Water Filters

 

Online search facilities have failed me on this one – however, luckily Emma, our Instagram Queen, spotted that the big Tescos at North Harbour has a recycling station for water filters cartridges. Other than Tescos, the only other option I am aware of is collection points for  BRITA branded water filters. These can be recycled locally at Boots, Morrisons, Sainsbury’s and Argos, where boxes are provided for the collection of used Brita cartridges.

 

Cartons

juice carton

Juice cartons, milk cartons, cartons for tomatoes and soup…I wish I could tell you these can be recycled locally. But sadly, they can’t. Don’t get me wrong, it is totally possible to recycle cartons and tetrapaks – Portsmouth City Council just doesn’t provide this facility.

Some of you have asked us if cartons can be recycled with kerbside recycling of paper and card or at Sainsbury’s mixed plastic banks. Good question but the answer is unfortunately no. This is because cartons are made of a mix of paper, plastic and aluminium foil and so would contaminate either the paper or plastics collection if included.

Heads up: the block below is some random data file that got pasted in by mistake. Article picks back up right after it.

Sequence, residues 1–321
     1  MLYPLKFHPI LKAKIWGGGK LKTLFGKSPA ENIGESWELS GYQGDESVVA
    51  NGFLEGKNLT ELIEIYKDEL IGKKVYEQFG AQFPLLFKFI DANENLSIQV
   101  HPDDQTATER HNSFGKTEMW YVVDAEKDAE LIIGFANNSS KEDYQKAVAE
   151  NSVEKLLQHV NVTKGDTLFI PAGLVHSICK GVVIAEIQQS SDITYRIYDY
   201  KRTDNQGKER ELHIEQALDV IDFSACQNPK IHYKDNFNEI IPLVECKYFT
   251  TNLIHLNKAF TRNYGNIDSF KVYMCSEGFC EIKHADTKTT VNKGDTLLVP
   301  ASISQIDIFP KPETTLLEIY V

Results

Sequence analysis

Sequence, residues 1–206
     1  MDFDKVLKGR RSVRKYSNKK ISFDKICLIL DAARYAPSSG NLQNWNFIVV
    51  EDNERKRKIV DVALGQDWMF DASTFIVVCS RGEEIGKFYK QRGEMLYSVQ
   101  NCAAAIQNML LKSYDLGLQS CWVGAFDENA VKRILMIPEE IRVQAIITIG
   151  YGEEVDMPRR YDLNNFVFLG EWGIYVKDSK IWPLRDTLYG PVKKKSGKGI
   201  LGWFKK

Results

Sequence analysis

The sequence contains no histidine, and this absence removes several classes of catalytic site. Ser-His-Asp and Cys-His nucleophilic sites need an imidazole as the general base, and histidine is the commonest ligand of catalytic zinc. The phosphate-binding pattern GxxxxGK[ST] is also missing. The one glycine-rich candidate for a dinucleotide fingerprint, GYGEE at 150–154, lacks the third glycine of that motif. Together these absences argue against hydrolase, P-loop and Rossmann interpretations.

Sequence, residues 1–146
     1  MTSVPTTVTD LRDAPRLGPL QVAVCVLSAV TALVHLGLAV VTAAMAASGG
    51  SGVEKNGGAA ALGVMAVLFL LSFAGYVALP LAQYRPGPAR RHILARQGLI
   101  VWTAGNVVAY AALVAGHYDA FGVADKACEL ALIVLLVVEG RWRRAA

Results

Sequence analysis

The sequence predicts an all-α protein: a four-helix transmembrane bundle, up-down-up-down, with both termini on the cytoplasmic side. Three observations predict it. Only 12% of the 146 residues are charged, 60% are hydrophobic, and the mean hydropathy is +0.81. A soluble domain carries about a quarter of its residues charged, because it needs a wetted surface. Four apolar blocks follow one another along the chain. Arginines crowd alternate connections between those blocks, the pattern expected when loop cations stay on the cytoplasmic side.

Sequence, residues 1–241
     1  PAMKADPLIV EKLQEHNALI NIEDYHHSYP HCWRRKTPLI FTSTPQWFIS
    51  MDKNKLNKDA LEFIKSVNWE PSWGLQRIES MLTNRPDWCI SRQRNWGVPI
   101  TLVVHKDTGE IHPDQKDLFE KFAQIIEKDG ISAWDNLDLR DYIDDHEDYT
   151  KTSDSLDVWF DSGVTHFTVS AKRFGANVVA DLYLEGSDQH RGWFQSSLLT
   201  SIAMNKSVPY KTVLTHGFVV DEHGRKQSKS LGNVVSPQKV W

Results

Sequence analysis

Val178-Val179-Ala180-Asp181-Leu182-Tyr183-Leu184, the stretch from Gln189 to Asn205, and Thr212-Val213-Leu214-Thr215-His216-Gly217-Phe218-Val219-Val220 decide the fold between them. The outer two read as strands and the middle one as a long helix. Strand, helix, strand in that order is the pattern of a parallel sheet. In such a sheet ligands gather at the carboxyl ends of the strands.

The nearest permanent carton recycling banks I have found through Recycle Now are in Bognor Regis and Chandlers Ford. Southampton City Council is currently trialling mixed plastics recycling banks which happily for our neighbouring city does include cartons (tetrapaks) as well as plastics like plastic meat and ready meal trays and plastic bottle tops. I am seriously jealous. This is my call to action – if Southampton can have cartons recycling, so can Pompey!!!

 

Energy Saving Light Bulbs

lightbulb

Let’s end on a bright note – haha, do you see what I did there? I am pleased to tell you that recycling light bulbs are pretty straightforward. Old style standard light bulbs cannot be recycled but energy saving light bulbs – which are a type of fluorescent lamp – can be recycled. Robert Dyas, Commercial Road Sainsbury’s and Curry’s PC World all have collection points/ recycling banks for energy saving light bulbs.

 

Have you spotted any recycling banks or collection points that I have missed? What other recycling facilities would you like to see in Portsmouth? Let us know in the comments below. And ’til next time, Happy Recycling!